On January 13, 1989, Jicha filed a complaint with the Department of Industry, Labor and Human Relations Equal Rights Division (DILHR), alleging that Fort Howard violated the FMLA by discharging him for absences protected under the act. 2 The Equal Rights Division investigated the claim and dismissed it upon a [169 Wis.2d 290] finding of no probable cause to believe the FMLA was violated. Jicha appealed the dismissal, and on March 27, 1990, a hearing was held before a DILHR hearing examiner. The hearing examiner granted Fort Howard's motion to dismiss concluding that the alleged violation occurred as a result of the October 24, 1988 termination, and that Jicha had not filed his complaint within 30 days. 3 The circuit court reversed reasoning that in order for an employer to violate the FMLA, the employer must be aware of the employee's medical condition, and since the record was unclear on that issue, dismissal was inappropriate. Fort Howard and DILHR appealed to the court of appeals, and the court of appeals reversed. We granted Jicha's petition for review.

We begin with a discussion of the appropriate standard of review. A hearing examiner's factual findings will be upheld if supported by substantial evidence. Section 227.57(6), Stats. This court has generally applied three levels of deference to conclusions of law and statutory interpretation in agency decisions. Sauk County v. WERC, 165 Wis.2d 406, 477 N.W.2d 267 (1991). First, if [169 Wis.2d 291] the administrative agency's experience, technical competence, and specialized knowledge aid the agency in its interpretation and application of the statute,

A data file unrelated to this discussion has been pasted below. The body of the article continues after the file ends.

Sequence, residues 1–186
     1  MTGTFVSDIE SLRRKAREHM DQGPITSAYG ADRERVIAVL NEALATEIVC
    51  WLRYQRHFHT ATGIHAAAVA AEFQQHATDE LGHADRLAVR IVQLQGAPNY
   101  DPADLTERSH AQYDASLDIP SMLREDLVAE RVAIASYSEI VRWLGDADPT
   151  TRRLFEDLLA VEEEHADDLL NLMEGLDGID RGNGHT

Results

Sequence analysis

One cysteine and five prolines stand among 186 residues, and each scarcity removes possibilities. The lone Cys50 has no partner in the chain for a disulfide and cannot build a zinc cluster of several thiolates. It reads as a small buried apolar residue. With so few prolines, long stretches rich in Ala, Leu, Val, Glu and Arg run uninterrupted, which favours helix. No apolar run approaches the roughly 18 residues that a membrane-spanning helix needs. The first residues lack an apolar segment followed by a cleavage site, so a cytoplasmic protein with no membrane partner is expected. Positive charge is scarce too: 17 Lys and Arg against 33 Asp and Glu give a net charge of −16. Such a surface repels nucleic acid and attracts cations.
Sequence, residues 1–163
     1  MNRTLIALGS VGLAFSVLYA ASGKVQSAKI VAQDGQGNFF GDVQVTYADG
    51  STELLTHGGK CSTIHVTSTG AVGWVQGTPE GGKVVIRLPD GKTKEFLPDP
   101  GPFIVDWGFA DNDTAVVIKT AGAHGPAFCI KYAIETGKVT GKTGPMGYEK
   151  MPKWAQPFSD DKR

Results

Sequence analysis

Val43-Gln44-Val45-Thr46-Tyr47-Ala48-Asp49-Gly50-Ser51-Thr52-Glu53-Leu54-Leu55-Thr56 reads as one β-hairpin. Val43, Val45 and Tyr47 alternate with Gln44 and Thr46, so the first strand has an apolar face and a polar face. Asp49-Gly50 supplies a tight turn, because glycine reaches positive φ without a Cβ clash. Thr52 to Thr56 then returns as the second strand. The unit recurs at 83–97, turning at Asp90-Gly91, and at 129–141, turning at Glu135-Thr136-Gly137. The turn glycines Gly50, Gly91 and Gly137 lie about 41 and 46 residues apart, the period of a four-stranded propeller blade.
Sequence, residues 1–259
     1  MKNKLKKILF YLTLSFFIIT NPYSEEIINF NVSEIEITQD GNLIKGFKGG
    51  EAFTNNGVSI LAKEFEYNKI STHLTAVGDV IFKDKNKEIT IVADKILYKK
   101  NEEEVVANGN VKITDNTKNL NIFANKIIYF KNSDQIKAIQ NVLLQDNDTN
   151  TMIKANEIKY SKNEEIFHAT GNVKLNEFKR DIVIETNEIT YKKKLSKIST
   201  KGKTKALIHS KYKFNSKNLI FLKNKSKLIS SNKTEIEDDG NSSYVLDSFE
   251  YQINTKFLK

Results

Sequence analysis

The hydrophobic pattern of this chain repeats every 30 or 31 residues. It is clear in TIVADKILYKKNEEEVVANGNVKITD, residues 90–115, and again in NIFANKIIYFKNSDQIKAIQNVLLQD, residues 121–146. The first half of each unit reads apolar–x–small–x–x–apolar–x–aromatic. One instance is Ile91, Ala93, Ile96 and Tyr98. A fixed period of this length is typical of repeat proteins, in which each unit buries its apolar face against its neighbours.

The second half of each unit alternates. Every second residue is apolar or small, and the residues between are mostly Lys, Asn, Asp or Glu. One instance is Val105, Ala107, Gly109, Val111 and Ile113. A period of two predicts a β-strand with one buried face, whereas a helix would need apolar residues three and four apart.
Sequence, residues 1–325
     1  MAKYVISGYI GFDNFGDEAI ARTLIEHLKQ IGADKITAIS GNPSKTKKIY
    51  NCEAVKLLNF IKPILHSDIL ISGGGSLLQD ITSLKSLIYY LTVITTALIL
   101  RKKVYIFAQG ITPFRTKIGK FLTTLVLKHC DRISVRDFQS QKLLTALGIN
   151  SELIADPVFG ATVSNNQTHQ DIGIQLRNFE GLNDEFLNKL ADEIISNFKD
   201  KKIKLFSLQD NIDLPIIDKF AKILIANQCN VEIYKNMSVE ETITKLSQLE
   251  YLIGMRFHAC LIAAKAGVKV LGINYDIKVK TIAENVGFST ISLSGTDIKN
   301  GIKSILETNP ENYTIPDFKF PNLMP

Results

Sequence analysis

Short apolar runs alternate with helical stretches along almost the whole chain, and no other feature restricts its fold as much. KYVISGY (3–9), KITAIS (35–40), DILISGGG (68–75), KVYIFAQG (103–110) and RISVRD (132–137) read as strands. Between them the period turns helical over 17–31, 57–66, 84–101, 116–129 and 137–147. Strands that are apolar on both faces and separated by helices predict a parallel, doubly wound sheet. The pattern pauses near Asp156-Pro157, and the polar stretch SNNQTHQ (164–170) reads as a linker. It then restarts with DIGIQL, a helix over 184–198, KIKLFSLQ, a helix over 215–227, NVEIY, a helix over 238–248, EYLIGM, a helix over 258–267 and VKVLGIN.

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the agency determination is entitled to "great weight." Id. at 413, 477 N.W.2d 267. The second level of review provides that if the agency decision is "very nearly" one of first impression it is entitled to "due weight" or "great bearing." Id. at 413-414, 477 N.W.2d 267. The lowest level of review, the de novo standard, is applied where it is clear from the lack of agency precedent that the case is one of first impression for the agency and the agency lacks special expertise or experience in determining the question presented. Id.

The parties disagree as to the appropriate deference to be given to the hearing examiner's conclusions of law in this case....